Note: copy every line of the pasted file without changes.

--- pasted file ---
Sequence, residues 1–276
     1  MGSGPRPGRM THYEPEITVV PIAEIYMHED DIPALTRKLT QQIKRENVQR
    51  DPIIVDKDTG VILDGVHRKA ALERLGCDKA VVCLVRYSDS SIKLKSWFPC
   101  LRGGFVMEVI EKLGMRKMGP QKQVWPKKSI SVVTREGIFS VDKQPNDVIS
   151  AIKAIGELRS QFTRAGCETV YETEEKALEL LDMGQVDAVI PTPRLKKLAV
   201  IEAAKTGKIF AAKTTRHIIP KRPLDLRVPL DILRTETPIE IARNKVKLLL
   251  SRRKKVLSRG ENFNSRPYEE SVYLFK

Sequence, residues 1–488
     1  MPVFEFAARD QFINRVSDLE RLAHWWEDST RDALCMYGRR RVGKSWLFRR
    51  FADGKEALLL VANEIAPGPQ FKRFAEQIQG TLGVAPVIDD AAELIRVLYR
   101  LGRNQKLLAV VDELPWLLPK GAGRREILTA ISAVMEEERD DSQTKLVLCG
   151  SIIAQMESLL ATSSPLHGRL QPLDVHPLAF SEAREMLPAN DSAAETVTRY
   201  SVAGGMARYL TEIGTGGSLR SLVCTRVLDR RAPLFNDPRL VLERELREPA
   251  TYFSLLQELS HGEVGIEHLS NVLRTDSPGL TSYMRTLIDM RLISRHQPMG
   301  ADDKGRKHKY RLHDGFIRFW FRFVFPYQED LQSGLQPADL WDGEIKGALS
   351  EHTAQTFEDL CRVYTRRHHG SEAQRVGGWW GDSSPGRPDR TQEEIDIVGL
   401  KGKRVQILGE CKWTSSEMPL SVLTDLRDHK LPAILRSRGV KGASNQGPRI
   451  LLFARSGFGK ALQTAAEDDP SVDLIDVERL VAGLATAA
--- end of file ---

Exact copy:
Sequence, residues 1–276
     1  MGSGPRPGRM THYEPEITVV PIAEIYMHED DIPALTRKLT QQIKRENVQR
    51  DPIIVDKDTG VILDGVHRKA ALERLGCDKA VVCLVRYSDS SIKLKSWFPC
   101  LRGGFVMEVI EKLGMRKMGP QKQVWPKKSI SVVTREGIFS VDKQPNDVIS
   151  AIKAIGELRS QFTRAGCETV YETEEKALEL LDMGQVDAVI PTPRLKKLAV
   201  IEAAKTGKIF AAKTTRHIIP KRPLDLRVPL DILRTETPIE IARNKVKLLL
   251  SRRKKVLSRG ENFNSRPYEE SVYLFK

Sequence, residues 1–488
     1  MPVFEFAARD QFINRVSDLE RLAHWWEDST RDALCMYGRR RVGKSWLFRR
    51  FADGKEALLL VANEIAPGPQ FKRFAEQIQG TLGVAPVIDD AAELIRVLYR
   101  LGRNQKLLAV VDELPWLLPK GAGRREILTA ISAVMEEERD DSQTKLVLCG
   151  SIIAQMESLL ATSSPLHGRL QPLDVHPLAF SEAREMLPAN DSAAETVTRY
   201  SVAGGMARYL TEIGTGGSLR SLVCTRVLDR RAPLFNDPRL VLERELREPA
   251  TYFSLLQELS HGEVGIEHLS NVLRTDSPGL TSYMRTLIDM RLISRHQPMG
   301  ADDKGRKHKY RLHDGFIRFW FRFVFPYQED LQSGLQPADL WDGEIKGALS
   351  EHTAQTFEDL CRVYTRRHHG SEAQRVGGWW GDSSPGRPDR TQEEIDIVGL
   401  KGKRVQILGE CKWTSSEMPL SVLTDLRDHK LPAILRSRGV KGASNQGPRI
   451  LLFARSGFGK ALQTAAEDDP SVDLIDVERL VAGLATAA